A top scientist from the former Soviet Union has told an audience in Dundee that sporting success is achieved by genes and not drugs.
Professor Irma Mosse of the National Academy of Sciences in Belarus is an expert in the field of sports genetics.
She travelled to Dundee to address the International Conference of Clinical Sciences and Drug Discovery as a part of a delegation from the academy.
Professor Mosse was speaking against the background of the banning of Russian athletes from this week’s Olympic Games in Brazil because of widespread drug-taking.
Her team in the capital city of Minsk has been analysing athletic prowess and has found that humans with the best prospects of success have “champion genes.”
“There are genes of erythropoietin, myoglobin and others which help to improve oxygen transport and assists physical development and aids recovery from exertion,” she explained.
“People with more of these “champion genes” are more likely to be good athletes than people who have a lesser amount of them.”
Her team based its findings on genetics tests carried out on top Belarus athletes, including champions of thirty different sports. They were found to have a higher proportion of favourable genes than the average person.
Professor Mosse’s team has now turned its attention to research with hundreds of Belarus children.
The youngsters have undergone genetic tests to determine the presence of favourable sport genes and have been informed of the findings.
“We have given this information to their children’s families, telling them that based on their genetic make-up they have the potential to be champion athletes,” the professor revealed.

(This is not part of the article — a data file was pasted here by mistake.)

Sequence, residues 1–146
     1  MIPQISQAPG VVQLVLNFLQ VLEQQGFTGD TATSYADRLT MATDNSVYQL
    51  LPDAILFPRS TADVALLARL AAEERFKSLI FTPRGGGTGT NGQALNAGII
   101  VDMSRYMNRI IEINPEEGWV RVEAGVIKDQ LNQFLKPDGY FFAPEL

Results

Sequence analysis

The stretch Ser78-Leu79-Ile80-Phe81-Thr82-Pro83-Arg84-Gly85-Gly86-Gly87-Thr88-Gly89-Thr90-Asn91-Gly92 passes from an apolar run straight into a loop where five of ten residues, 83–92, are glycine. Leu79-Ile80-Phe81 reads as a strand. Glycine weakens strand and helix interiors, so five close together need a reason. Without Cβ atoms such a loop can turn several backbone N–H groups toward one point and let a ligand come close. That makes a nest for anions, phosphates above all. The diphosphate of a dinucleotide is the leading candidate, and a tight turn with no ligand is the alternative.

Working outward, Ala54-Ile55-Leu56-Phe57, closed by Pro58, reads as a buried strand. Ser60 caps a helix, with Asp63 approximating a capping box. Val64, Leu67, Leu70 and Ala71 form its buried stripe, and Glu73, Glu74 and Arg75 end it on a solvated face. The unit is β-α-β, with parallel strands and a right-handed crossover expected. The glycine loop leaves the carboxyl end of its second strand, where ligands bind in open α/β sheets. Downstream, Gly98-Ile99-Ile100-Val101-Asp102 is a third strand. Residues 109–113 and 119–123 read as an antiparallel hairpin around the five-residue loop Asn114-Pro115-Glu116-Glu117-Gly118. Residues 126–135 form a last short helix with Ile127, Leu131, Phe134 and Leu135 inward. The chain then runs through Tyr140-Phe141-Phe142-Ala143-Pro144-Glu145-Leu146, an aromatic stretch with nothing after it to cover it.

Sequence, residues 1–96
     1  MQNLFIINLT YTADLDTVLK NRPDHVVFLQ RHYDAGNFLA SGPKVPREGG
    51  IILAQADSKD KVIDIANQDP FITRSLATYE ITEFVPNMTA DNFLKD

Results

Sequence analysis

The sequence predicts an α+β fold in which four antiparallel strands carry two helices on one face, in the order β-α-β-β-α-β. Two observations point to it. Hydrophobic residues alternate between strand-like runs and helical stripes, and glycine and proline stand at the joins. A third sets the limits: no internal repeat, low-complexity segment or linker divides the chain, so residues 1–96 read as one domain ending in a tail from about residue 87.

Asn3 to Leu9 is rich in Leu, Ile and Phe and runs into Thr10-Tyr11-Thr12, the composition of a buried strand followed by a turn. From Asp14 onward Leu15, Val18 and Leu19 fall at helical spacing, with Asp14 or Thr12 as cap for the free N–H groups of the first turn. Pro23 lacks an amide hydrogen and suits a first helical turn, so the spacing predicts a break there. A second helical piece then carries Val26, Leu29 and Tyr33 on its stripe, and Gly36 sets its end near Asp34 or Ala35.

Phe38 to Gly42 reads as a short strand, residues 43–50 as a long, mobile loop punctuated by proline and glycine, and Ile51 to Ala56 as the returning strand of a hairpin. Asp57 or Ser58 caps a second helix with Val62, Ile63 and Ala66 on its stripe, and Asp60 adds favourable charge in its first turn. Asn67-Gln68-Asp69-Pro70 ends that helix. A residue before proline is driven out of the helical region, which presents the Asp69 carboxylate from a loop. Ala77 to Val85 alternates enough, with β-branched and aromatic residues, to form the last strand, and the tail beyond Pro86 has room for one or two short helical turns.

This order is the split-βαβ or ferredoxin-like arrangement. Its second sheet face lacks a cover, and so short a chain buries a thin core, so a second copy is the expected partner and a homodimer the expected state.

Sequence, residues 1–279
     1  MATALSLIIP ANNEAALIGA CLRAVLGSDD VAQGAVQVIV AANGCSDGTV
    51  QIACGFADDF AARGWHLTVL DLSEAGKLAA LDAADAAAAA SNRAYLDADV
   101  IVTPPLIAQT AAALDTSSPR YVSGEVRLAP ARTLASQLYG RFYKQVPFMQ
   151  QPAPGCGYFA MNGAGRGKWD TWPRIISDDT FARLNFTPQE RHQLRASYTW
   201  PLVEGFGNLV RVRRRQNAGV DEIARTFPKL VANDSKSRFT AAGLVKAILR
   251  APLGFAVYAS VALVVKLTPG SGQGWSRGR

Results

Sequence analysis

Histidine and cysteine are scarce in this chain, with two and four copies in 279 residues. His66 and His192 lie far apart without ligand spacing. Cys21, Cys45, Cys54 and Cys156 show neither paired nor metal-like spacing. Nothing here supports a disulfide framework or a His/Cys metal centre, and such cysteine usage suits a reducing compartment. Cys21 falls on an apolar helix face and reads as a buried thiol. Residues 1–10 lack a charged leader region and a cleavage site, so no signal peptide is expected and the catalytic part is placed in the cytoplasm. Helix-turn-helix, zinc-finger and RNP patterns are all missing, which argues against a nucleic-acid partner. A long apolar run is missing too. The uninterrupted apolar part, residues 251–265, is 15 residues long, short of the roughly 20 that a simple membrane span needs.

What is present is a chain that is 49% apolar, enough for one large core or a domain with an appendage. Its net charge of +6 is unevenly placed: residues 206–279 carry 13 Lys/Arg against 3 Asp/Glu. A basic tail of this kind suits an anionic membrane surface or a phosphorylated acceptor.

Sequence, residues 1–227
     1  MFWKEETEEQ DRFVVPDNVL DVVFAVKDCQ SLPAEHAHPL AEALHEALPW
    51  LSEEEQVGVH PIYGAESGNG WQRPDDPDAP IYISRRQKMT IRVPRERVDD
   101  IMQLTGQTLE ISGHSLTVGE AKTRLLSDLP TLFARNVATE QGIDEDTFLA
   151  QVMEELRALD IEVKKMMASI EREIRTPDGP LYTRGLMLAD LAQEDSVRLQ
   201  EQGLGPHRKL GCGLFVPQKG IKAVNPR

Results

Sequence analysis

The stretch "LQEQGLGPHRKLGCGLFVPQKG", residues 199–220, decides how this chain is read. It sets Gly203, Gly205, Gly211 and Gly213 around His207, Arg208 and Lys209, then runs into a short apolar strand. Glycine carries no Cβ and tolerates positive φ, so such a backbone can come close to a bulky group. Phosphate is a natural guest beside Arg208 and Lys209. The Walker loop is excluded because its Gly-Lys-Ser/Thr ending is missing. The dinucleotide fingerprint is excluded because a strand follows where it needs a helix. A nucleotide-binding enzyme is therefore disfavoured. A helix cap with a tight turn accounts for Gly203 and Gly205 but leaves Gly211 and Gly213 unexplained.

“It is then up to the children to commit to specialist training programmes to develop as athletes. The children and their families must want this to happen.
“The children we have been working with are about five years old, so we will know the success of this approach when they reach the age of about 15.
“What we are really saying is that genes make champions, not drugs.”
Professor Mosse’s research also has applications for general health, including detecting genetic predisposition to heart disease and other ailments, enabling preventative treatment to be administered.
Professor Nikolai Zhelev of Abertay University, who chaired the session at which Professor Mosse delivered her address, said: “Professor Mosse’s lecture caused a big interest at the conference , which was attended by top scientists from all continents.
“Currently the interest of scientists is shifting from drug doping to gene doping.
“We had three days of intense discussions involving academics, pharmaceutical companies and regulatory bodies”